Vladimir Nabokov (1899–1977) wrote The Defense, his third novel, in Berlin in 1929 and published it serially under the penname Sirin in the Paris-based Russian journal Sovremennye zapiski (Notes from the fatherland). The novel was first published in Russian in 1930 and translated into English in 1964. Many contemporary critics, including the prominent Nabokov scholar Brian Boyd, regard The Defense as Nabokov’s first masterpiece. Upon its appearance in book form in 1930, the Russian poet Vladislav Khodasevich first argued for the importance of The Defense, stating that art itself is the main subject of the novel.
Nabokov accomplishes his meditation on art in The Defense by brilliantly combining the emphasis on interiority of his first novel, Mary (1926), with the virtuosic structural precision of his second novel, King, Queen, Knave (1928). In so doing, he manages to create his first memorable and well-rounded character, the chess player Luzhin, whose tragic story and isolated consciousness anticipate Lolita’s Humbert Humbert and Pale Fire’s Charles Kinbote.
As a chess player, Luzhin (whose name should be pronounced so that it rhymes with the English word illusion) creates beautiful patterns that attempt to deceive his opponents and, accordingly, is an image of the Nabokovian artist for whom art is a constellation of mysterious and meaningful symmetries. Luzhin’s tragedy is that his consciousness, which is wholly formed by his genius for chess, does not fit into the world inhabited by the other characters in the novel. The reader feels sympathy for Luzhin due to the outcome of his displacement in the world—the suicide that results from the slow disintegration of his genius and inability to relate to other people.
Nabokov creates Luzhin as a sympathetic character by structuring the novel in three parts. In part one, which takes place between the years 1910 and 1912,Nabokov presents Luzhin as a lonely 10-year-old boy straight out of a Dickens novel. Lacking parental love and suffering the cruelty of other children, Luzhin is an outsider and perceives the world as a continual threat. His mechanism for coping with his painful environment is to withdraw into himself. But when he discovers chess at the age of 11, he experiences relief and hope. With the reader now emotionally attached to Luzhin, Nabokov moves to the second part of the novel, which takes place in the summer of 1928 and covers Luzhin’s preparation for the world chess championship. Luzhin now has an attractive and intelligent fiancée, Natalia, who understands and cares for him. But Luzhin suffers a mental breakdown during the tournament when he cannot balance the chess side of his mind with the love that he craves from Natalia.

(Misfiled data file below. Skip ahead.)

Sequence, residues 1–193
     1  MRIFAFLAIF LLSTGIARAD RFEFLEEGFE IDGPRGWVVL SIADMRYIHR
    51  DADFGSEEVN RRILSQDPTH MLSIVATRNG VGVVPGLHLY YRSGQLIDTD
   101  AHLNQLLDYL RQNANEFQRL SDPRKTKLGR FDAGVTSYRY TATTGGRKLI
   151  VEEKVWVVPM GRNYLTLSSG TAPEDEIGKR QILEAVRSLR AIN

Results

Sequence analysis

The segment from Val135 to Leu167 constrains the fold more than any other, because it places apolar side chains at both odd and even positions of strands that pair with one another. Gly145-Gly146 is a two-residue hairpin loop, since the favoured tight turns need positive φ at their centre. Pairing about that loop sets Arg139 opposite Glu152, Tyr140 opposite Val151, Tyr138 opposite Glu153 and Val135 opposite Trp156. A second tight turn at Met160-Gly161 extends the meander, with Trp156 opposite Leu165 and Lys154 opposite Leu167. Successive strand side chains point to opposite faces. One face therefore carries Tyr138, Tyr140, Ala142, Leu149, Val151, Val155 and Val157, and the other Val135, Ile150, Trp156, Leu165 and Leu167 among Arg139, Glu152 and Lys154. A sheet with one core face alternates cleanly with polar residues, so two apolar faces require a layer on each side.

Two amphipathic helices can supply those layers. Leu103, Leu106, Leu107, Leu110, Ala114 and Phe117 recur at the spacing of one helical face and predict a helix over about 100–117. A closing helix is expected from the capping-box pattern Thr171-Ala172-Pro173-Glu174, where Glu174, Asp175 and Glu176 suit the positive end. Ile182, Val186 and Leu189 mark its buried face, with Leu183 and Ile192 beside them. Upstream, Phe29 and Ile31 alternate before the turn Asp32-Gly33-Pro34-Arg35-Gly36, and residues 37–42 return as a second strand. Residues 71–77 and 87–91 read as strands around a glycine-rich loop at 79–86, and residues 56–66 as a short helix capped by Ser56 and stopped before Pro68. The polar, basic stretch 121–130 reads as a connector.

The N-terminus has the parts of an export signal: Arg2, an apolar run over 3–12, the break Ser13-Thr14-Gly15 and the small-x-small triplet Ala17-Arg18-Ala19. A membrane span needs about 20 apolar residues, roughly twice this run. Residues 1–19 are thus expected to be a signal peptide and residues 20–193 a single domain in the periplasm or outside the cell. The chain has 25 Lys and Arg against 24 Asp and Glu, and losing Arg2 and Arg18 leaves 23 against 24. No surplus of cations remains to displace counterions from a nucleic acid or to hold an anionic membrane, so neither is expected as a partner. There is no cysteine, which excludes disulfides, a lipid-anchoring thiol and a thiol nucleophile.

Nabokov sets the third part of the novel during the winter of 1928–29, when Luzhin’s doctor and Natalia convince him that chess is a danger to his mental health and encourage him to abandon the game. Luzhin valiantly tries to resist the intrusions of chess, but his natural predilection for the game causes him to confuse chess with reality and perceive irrational patterns and attacks in the world surrounding him. At the end of the novel, he commits suicide by jumping from the balcony of his apartment onto a courtyard whose fl agstones look just like the squares of a chessboard. Luzhin’s suicide is his final defense against the frightening and chaotic external world.
Nabokov suggests at the end of The Defense that Luzhin’s tragedy derives from his ultimate inability to tell the difference between art and life. This inability, however, is not Luzhin’s fault; rather, his harsh and cruel experiences as a child and as a rising chess star cause him to seek a refuge from reality in his art, with the eventual result being his confusion of art and life. His suicide—his final defense against the encroaching external world—demonstrates the self-destructive tendency of those who blur the boundary between art and life.
The Defense marks a significant advance in Nabokov’s art because it introduces a subject that continued to fascinate him throughout his career: the relationship between artistic consciousness and the world. Most of Nabokov’s following novels consider this relationship in some way, with his greatest novels—Lolita (1955) and Pale Fire (1962)—finding their dark comedic brilliance in their presentation of the psychotic behavior of their artistically bent antiheroes. Luzhin, however, stands out among Nabokov’s protagonists as a profoundly sympathetic figure whose tragedy evokes a truly pathetic response in readers.
A film version of The Defense, entitled The Luzhin Defense, appeared in 2000. Marleen Gorris directed the film, which was based on Peter Barry’s screenplay and starred John Turturo as Luzhin and Emma Watson as Natalia.
Alexandrov, Vladimir E. “The Defense.” In The Garland Companion to Vladimir Nabokov, edited by Vladimir E. Alexandrov. New York: Garland, 1995. 75–88.
Boyd, Brian. Vladimir Nabokov: The Russian Years. Princeton, N.J.: Princeton University Press, 1993.
Fitzsimmons, Lorna. “Artistic Subjectivity in Nabokov’s The Defense and Invitation to a Beheading.” Journal of Comparative Literature and Aesthetics 24 (2001): 55–60.
Categories: Literature, Novel Analysis
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